[After the Angelus the Pope greeted the pilgrims in various languages. In Italian he said:]
Today is the 70th anniversary of that sad event, which occurred during the nights of Nov. 9-10, 1938, when Nazi fury was unleashed against the Jews in Germany. Shops, offices, dwellings and synagogues were attacked and many people were also killed, initiating the systematic and violent persecution of German Jews, which ended with the Shoah. Today I still feel pain over what happened in those tragic circumstances. The memory of these things must serve to prevent similar horrors from ever happening again and must lead us to dedicate ourselves, at every level, to fight against every form of anti-Semitism and discrimination, educating the younger generations in respect and reciprocal acceptance. I invite you to pray for the victims of that time and to join with me in manifesting a deep solidarity with the Jewish world.
Troubling news continues to come from the North Kivu region of the Democratic Republic of the Congo. Bloody armed skirmishes and systematic atrocities have caused and continue to cause many casualties among innocent civilians; destruction, looting and violence of every type have forced tens of thousands of persons to abandon even what little they had to survive. The number of refugees is estimated at more than 1 and a half million. To all and to each one I desire to express my special nearness, as I encourage and bless those who are working to alleviate their sufferings, among whom are the pastoral workers of the Church of that region. To families and their loved ones I offer my condolences and assure my prayers. Finally, fervently call upon all to work together to restore peace, respect for law and the dignity of every person to that land, for too long martyred.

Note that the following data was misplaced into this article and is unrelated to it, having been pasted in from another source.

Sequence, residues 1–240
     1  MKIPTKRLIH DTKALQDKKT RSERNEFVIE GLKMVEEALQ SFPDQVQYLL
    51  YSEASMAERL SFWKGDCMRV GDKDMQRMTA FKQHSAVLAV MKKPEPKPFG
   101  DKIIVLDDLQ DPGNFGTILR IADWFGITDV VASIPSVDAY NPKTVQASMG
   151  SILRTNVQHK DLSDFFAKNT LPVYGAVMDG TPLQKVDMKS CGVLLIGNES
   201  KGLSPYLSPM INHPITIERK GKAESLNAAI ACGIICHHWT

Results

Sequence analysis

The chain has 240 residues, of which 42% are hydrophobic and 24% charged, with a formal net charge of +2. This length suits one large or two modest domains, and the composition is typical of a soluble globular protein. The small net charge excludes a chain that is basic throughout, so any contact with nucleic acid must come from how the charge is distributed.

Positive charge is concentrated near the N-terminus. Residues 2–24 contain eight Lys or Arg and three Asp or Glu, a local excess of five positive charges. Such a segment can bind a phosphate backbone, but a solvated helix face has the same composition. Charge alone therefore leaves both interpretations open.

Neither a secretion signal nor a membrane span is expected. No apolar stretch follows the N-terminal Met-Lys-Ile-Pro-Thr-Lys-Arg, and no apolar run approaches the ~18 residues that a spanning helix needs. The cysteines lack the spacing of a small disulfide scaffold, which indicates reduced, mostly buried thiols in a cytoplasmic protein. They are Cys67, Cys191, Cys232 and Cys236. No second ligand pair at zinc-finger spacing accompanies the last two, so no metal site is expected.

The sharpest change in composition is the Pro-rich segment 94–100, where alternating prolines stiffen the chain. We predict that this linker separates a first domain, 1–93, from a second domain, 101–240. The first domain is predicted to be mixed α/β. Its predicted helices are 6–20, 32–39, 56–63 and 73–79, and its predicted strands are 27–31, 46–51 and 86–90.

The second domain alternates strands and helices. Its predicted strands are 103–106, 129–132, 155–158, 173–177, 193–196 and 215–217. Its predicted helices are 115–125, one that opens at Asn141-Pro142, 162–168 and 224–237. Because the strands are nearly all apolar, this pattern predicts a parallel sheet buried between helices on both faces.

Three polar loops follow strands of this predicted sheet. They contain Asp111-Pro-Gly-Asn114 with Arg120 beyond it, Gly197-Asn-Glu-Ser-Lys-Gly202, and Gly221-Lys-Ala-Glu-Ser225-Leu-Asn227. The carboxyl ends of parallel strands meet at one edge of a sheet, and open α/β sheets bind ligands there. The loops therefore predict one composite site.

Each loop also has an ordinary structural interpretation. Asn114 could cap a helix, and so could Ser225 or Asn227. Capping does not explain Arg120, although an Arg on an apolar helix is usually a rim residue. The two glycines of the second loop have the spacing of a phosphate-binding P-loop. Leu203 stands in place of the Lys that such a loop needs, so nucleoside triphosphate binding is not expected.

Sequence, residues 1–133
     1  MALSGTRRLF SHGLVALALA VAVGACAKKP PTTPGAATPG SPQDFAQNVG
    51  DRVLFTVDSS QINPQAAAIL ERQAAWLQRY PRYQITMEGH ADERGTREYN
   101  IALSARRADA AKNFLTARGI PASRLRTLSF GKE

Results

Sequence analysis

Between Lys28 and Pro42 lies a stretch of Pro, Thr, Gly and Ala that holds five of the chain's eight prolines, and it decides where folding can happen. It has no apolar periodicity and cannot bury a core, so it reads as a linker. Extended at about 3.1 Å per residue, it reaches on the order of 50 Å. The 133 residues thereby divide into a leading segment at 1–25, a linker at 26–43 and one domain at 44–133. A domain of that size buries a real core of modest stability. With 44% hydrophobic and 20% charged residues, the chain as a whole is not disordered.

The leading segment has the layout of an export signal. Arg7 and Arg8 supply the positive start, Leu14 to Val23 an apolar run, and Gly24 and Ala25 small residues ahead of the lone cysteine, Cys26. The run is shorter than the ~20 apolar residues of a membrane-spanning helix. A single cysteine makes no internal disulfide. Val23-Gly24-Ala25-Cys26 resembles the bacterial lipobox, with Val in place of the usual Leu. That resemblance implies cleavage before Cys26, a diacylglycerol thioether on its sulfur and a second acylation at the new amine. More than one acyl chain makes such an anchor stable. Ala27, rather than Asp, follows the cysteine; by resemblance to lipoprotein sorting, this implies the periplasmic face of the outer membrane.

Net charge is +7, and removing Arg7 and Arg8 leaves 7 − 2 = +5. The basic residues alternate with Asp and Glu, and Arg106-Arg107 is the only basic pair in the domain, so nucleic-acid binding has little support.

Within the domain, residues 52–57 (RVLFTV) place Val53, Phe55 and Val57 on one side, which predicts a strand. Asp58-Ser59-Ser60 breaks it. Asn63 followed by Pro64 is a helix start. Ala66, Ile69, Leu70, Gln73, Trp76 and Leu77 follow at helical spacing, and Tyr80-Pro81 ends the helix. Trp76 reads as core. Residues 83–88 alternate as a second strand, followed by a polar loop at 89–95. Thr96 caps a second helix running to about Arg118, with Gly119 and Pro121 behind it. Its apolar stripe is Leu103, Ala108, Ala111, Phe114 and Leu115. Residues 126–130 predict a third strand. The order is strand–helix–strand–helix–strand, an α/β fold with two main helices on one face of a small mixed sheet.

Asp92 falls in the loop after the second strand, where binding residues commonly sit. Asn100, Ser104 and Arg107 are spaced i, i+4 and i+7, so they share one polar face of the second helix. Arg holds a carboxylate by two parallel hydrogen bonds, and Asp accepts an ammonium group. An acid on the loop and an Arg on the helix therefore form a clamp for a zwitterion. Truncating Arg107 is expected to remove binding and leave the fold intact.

In Italy today the Day of Thanksgiving is celebrated. This year’s theme is: “I was hungry and you gave me to eat.” I join my voice to that of the Italian bishops who, guided by these words of Jesus, draw attention to the grave and complex problem of hunger, which has become more dramatic due to price increases on staple foods. The Church, re-proposing the basic ethical principle of the universal destination of goods, following the example of the Lord Jesus, puts this principle into practice with multiple initiatives. I pray for farmers, especially for small farmers in developing countries. I encourage and bless those who work to make sure that no one lacks healthy and adequate food: whoever gives succor to the poor gives succor to Christ himself.
[Translation by Joseph G. Trabbic]
[In English, he said]
I greet the English-speaking visitors and pilgrims who are here today, especially the groups from Billingham in England, Heulen in the Netherlands and Los Angeles, California. Today we celebrate the dedication of the Lateran Basilica, the Mother Church of all the churches throughout the world. Let us rejoice in this great sign of our unity in faith and love, and let us resolve to become living stones, constantly growing into a holy Temple in the Lord. May God bless you all!
© Copyright 2008 -- Libreria Editrice Vaticana